Identify the three branches of State and National government SS03-S03-C02-01
- Book: The U.S. Constitution and You by Syl Sobel (If the book is unavailable use a similar book or one of the websites listed in the resources below.)
- Worksheet: Downloadable worksheet, one for each student
- Light colored construction paper or unlined white paper for each student
- Rulers (optional)
Procedure Day One:
Each student should have a piece of paper and a pencil. (Rulers optional) Their desks should be positioned facing the teacher as information is presented. Papers should be placed in the horizontal “landscape” position. Students will add to the paper as the teacher provides information from the book or other source.
On the top line write Constitution. The Constitution contains rules for how the government must work. It created three separate parts or branches of the government each with different duties.
On the left horizontal line write Legislative. Under the line write key words such as: Congress (federal and state), Senators, Representatives, makes laws, imposes taxes. Federal: creates military, can declare war.
On the middle line write Executive. The key words could be: President, vice president, Governor (state), Cabinet, carries out laws.
On the last line write Judicial. Key words could be Supreme Court (federal and state), judges, justices, settles disputes, interprets laws.
Procedure Day Two:
Allow ten minutes to review the students’ papers from the prior lesson. Then play a review game called Human Tic-Tac-Toe based on the game Tic-Tac-Toe. Provide two colors of construction paper, one color for each team and six pieces per team.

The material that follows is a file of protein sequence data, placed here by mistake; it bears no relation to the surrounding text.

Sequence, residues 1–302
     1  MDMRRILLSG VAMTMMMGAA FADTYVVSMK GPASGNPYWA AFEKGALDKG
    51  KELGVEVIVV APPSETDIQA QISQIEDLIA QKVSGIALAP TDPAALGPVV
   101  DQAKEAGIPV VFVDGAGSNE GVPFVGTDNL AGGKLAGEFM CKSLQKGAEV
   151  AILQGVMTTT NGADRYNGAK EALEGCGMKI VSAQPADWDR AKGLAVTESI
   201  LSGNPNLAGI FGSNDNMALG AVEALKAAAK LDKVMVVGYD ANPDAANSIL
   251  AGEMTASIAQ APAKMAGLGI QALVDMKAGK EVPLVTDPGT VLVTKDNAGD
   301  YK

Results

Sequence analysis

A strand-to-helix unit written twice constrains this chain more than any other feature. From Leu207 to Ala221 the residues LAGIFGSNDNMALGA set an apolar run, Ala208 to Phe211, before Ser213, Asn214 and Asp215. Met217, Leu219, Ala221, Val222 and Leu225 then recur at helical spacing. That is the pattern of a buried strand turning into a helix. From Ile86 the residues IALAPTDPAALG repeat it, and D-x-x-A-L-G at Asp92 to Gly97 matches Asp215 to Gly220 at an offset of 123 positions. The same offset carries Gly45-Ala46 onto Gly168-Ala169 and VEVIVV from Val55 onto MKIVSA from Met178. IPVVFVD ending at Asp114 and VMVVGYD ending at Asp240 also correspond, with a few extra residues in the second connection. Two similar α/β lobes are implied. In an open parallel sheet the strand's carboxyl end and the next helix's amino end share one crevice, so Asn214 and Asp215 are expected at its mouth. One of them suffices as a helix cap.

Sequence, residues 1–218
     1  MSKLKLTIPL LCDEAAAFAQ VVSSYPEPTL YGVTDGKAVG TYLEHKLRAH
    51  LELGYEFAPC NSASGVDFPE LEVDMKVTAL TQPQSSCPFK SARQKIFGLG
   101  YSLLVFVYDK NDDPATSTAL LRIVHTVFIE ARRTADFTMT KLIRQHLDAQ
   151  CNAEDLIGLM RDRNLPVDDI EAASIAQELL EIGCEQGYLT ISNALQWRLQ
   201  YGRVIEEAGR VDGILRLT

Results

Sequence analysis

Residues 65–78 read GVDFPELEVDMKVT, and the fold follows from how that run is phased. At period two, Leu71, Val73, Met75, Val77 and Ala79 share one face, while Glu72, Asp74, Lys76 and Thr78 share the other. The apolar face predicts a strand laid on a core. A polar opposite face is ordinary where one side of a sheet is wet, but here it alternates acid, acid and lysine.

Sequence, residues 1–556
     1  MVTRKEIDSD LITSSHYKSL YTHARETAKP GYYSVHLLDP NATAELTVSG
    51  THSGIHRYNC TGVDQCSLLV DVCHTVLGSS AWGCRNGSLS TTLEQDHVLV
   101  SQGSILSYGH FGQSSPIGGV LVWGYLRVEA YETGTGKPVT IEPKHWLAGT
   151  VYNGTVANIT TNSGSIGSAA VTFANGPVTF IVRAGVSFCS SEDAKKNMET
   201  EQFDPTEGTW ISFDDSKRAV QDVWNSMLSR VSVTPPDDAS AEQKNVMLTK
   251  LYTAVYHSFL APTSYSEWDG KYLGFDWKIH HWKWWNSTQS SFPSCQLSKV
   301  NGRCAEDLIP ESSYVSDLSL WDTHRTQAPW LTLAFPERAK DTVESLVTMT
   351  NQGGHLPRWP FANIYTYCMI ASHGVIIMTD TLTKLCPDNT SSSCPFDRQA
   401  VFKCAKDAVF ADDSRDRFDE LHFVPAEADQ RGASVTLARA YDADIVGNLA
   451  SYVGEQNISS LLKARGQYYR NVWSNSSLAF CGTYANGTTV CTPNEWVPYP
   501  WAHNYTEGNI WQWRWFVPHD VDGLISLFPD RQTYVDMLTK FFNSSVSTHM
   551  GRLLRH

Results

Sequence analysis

- Divide students into two teams. One team on each side of the playing area. You may choose to have them sit on the floor, chairs or at their desks.
- Have an open space in the center between the two teams where students will imagine that there is a tic-tac-toe board.
- Ask a question to the first player of one team (based on the information learned in the prior lesson.) If correct that person takes one of their team’s colored papers and sits in a position on the tic-tac-toe board.
- Continue with another question to the opposing team.
- A team wins when they have three of their colored papers in a row across, up and down or diagonally. Tic-tac-toe!!
- Image in the public domain
- Sobel, Syl. The U.S. Constitution and You. Barron’s Educational Series, Inc., 2012.